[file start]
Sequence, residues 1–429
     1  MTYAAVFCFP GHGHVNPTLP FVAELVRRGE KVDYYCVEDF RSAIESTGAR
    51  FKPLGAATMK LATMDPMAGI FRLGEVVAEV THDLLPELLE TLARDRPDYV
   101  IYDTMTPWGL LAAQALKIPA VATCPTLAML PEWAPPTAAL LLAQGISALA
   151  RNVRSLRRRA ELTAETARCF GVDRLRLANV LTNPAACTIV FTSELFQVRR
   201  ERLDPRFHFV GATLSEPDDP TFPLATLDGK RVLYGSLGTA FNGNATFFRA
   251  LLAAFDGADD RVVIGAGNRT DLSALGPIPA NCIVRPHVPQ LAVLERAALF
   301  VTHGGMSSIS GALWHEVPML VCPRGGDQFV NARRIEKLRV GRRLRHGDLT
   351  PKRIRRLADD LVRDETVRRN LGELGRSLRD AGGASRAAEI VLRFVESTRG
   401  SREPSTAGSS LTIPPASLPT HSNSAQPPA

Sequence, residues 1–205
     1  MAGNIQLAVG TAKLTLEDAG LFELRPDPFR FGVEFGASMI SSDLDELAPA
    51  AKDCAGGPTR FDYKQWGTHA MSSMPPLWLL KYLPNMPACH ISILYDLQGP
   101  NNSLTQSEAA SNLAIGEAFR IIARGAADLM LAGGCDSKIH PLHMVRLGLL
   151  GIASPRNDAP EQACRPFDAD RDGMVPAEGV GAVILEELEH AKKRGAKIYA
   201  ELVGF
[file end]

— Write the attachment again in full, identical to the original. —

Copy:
Sequence, residues 1–429
     1  MTYAAVFCFP GHGHVNPTLP FVAELVRRGE KVDYYCVEDF RSAIESTGAR
    51  FKPLGAATMK LATMDPMAGI FRLGEVVAEV THDLLPELLE TLARDRPDYV
   101  IYDTMTPWGL LAAQALKIPA VATCPTLAML PEWAPPTAAL LLAQGISALA
   151  RNVRSLRRRA ELTAETARCF GVDRLRLANV LTNPAACTIV FTSELFQVRR
   201  ERLDPRFHFV GATLSEPDDP TFPLATLDGK RVLYGSLGTA FNGNATFFRA
   251  LLAAFDGADD RVVIGAGNRT DLSALGPIPA NCIVRPHVPQ LAVLERAALF
   301  VTHGGMSSIS GALWHEVPML VCPRGGDQFV NARRIEKLRV GRRLRHGDLT
   351  PKRIRRLADD LVRDETVRRN LGELGRSLRD AGGASRAAEI VLRFVESTRG
   401  SREPSTAGSS LTIPPASLPT HSNSAQPPA

Sequence, residues 1–205
     1  MAGNIQLAVG TAKLTLEDAG LFELRPDPFR FGVEFGASMI SSDLDELAPA
    51  AKDCAGGPTR FDYKQWGTHA MSSMPPLWLL KYLPNMPACH ISILYDLQGP
   101  NNSLTQSEAA SNLAIGEAFR IIARGAADLM LAGGCDSKIH PLHMVRLGLL
   151  GIASPRNDAP EQACRPFDAD RDGMVPAEGV GAVILEELEH AKKRGAKIYA
   201  ELVGF